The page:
Dogs are the same way, and by wagging their tail, they’re spreading their pheromones around so that other dogs can more easily understand what they’re feeling.
Tail Docking: What Is It?
Tail docking is the process of removing the tail of a dog after birth.
Docking the tail is a breed standard for breeds, including Poodles, Pembroke Welsh Corgis, English Springer Spaniels, and Jack Russel Terriers. Docking as a breed standard is more common in Terriers and Spaniels.
Criticism of Tail Docking
Tail docking is a practice that is, understandably, criticized by dog lovers all over the world. While many practice supporters may point anecdotally to the sport or work improvements, no scientific justification can be made for the ludicrous idea that docking the tail prevents rabies.
The practice has been banned in many countries worldwide, and many vets recommend against the docking of tails unless the tail is unusually long for the dog’s proportions. A dog with an excessively long tail might be genuinely prone to injury, which could warrant the shortening of the tail.
Tail docking is currently unrestricted in the United States. Though there is a growing movement to outlaw the practice, several states, including New York and Vermont, have considered introducing laws to ban the practice.
Tail Docking in Practice
The American Veterinary Medical Association recommends against the docking of tails, particularly for vanity reasons. The AVMA states that there is no substantial evidence that the removal of the tail provides any protection against injury as tail injuries make up just 0.23% of dog injuries, even amongst working breeds. Further, a study conducted in Britain concluded that you would need to dock the tails of at least 500 dogs to prevent just one tail injury.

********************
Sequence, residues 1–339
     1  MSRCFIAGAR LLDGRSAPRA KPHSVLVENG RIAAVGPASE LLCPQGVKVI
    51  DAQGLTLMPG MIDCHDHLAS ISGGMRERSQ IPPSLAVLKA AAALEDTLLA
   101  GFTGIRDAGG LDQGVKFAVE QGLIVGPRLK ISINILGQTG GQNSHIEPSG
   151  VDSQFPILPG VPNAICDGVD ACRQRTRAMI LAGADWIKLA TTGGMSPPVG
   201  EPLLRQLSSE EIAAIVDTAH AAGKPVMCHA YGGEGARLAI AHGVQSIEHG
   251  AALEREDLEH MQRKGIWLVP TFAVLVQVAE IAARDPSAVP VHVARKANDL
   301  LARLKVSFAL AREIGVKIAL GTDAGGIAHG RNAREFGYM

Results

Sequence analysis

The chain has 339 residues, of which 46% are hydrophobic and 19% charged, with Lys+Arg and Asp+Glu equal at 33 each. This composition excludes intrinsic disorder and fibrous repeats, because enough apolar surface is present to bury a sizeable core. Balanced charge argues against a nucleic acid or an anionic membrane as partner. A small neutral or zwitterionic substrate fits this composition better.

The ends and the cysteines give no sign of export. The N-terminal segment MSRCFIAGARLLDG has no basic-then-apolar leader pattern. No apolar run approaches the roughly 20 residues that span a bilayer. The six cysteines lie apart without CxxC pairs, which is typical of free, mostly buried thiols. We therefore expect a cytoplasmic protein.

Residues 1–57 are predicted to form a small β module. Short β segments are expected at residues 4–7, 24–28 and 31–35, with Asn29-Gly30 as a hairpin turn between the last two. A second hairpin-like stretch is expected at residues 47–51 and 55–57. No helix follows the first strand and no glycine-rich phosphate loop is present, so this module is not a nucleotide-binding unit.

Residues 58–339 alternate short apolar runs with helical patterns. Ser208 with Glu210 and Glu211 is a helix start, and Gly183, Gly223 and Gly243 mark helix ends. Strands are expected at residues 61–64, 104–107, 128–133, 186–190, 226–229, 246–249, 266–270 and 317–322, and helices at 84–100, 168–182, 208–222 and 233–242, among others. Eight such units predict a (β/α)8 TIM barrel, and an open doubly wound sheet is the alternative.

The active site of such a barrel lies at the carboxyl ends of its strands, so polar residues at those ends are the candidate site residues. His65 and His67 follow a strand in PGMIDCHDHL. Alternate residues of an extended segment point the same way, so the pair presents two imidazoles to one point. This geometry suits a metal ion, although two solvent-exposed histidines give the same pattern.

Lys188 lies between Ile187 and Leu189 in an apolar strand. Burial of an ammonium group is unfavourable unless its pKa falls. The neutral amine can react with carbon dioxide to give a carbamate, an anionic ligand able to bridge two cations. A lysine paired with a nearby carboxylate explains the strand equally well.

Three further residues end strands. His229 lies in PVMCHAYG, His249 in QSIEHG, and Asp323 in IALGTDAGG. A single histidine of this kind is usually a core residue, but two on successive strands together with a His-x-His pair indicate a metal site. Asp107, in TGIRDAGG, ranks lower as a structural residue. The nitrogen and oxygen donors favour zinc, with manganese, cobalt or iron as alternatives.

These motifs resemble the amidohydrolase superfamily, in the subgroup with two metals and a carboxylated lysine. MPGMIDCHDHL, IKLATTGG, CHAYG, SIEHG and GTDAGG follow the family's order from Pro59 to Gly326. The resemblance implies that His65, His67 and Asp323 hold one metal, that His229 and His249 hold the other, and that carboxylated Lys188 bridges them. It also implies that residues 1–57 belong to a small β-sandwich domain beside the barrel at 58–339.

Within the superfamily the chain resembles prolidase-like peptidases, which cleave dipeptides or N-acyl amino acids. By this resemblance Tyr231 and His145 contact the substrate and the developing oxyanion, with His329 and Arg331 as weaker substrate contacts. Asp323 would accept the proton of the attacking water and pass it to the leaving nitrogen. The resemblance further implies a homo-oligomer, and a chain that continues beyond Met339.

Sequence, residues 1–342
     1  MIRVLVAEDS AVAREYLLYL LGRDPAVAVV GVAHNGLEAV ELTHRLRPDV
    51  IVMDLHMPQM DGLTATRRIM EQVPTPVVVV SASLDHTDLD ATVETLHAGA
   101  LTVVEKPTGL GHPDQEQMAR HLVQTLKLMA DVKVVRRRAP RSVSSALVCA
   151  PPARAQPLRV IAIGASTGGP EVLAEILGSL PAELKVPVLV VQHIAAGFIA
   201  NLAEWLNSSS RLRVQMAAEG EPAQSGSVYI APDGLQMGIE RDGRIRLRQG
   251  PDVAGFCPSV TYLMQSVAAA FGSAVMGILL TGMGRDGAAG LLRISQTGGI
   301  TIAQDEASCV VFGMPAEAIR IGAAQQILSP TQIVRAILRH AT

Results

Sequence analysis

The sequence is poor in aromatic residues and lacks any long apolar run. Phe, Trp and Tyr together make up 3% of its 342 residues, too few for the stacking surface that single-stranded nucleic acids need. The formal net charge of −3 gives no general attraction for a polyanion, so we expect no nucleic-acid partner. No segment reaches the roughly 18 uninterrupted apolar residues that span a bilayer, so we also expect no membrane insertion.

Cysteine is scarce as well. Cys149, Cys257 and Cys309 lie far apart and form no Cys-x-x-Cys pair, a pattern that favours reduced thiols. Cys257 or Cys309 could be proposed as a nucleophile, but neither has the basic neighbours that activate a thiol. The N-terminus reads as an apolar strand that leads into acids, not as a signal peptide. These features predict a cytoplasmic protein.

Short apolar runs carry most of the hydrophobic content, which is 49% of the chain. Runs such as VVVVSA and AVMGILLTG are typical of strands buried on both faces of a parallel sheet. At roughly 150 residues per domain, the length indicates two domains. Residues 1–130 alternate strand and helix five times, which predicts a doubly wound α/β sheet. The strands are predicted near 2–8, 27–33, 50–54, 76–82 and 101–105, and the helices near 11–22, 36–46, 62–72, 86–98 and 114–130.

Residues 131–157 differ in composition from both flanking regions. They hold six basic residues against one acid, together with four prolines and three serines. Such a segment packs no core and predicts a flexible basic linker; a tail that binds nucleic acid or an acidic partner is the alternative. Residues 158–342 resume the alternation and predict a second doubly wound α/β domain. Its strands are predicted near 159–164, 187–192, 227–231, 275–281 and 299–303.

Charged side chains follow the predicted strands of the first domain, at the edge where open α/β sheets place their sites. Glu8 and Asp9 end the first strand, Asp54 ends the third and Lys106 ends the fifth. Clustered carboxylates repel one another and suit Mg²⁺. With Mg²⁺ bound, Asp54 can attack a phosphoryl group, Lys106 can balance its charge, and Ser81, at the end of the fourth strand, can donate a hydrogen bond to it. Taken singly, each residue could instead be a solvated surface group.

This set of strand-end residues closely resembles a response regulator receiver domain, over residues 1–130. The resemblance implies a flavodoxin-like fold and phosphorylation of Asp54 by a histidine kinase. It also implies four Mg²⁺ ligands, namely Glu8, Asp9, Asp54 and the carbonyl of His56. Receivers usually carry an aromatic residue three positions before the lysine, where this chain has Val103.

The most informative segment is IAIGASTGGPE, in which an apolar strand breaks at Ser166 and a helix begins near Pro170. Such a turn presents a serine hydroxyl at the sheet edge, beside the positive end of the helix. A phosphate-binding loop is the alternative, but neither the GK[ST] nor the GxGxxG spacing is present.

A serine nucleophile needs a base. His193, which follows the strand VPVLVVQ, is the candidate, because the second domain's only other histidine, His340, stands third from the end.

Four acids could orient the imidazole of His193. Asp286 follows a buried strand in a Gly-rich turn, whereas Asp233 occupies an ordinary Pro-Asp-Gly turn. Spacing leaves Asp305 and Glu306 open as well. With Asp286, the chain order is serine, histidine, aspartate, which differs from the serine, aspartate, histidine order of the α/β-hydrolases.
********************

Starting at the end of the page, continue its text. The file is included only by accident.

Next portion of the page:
The AMVA has recommended that cosmetic alterations be removed from American breed standards since 1976, and the presence and wording of this recommendation have persisted. However, they do acknowledge that some dogs are at a higher risk of tail injuries than others.
The future of tail docking remains murky as some governments have taken a hardline stance against the practice while others are content to allow it to continue.
Do Dogs Need Tails?
At least, according to the AVMA, yes, dogs need their tails. They’re not only a critical tool for a movement that provides physical safety to the dog, but they’re also an essential communication tool for dogs. With very few exceptions, there’s no scientific justification for shortening or removing a dog’s tail.
As we’ve covered, dogs use their tails in practically every facet of their lives. Unless a veterinarian recommends the docking of the tail, there is no reason an owner should investigate the practice.
Dogs’ tails are an endearing and essential part of their body. The tail provides a wide variety of functions critical to the dog’s quality of life and should be protected, just like every other part of the dog. Once we understand what the dog’s tail does and means, we can understand our dogs and build trust with them.
Featured Image Credit: Bert De Schepper, Pixabay